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Tail dependence between oil prices and China's A‐shares: Evidence from firm‐level data

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  • Sheng Fang
  • Paul Egan

Abstract

Research in the area of tail dependence between oil prices and the stock market is sparse, particularly at the firm level. This article investigates lower and upper tail dependences between the price of crude oil and China's A‐share market by estimating an empirical copula with a rolling window. Our results show that tail dependence is increasing over time and that there are differences between lower and upper tail dependences in terms of incremental magnitude. We also find that the impulse responses of tail dependences to shocks to variables of interests vary significantly over the sample period. Our results also indicate that lower tail dependence, in particular, is found to have more than one breakpoint, and the break dates are highly associated with financial crises. In addition, we find evidence of asymmetry in tail dependence, which varies across periods. Finally, we find that tail dependence is persistent in the short‐term but deteriorates as the duration increases. These findings have important implications for investors, risk managers and policy makers.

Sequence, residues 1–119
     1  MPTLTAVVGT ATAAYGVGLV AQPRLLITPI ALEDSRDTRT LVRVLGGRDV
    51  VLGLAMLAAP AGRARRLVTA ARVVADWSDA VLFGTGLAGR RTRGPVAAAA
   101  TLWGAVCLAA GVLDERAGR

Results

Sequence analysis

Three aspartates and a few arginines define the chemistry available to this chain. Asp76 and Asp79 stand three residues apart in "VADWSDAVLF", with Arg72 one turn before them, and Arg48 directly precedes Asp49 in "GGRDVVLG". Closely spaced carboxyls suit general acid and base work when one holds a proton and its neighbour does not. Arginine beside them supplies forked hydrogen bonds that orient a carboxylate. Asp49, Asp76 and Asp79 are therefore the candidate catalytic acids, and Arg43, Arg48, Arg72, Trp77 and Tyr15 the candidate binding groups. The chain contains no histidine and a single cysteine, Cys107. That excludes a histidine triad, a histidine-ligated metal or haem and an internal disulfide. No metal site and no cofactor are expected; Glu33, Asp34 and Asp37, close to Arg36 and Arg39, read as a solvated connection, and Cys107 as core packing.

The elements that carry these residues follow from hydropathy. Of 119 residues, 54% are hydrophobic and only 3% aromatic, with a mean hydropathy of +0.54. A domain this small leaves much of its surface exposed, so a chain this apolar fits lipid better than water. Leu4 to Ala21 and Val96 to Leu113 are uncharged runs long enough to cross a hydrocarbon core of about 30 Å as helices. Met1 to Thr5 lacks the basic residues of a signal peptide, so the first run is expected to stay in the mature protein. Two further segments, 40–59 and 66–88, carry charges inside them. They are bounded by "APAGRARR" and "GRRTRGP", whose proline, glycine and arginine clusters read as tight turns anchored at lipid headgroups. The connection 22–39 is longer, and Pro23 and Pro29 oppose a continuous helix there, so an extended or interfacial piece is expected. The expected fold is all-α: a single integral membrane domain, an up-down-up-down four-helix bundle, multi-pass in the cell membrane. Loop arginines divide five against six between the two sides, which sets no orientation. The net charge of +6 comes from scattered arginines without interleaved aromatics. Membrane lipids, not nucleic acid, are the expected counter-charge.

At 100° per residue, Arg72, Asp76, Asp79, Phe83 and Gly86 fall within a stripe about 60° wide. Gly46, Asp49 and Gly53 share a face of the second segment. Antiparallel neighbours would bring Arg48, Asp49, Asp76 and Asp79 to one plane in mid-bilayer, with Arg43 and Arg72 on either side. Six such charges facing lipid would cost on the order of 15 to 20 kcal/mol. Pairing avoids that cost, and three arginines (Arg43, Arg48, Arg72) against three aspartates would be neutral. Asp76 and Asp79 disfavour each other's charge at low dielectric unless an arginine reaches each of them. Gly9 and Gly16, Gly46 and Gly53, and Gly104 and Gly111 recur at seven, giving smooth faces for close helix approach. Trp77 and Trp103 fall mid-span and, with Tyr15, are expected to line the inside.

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  • Sheng Fang & Paul Egan, 2021. "Tail dependence between oil prices and China's A‐shares: Evidence from firm‐level data," International Journal of Finance & Economics, John Wiley & Sons, Ltd., vol. 26(1), pages 1469-1487, January.
  • Handle: RePEc:wly:ijfiec:v:26:y:2021:i:1:p:1469-1487
    DOI: 10.1002/ijfe.1859
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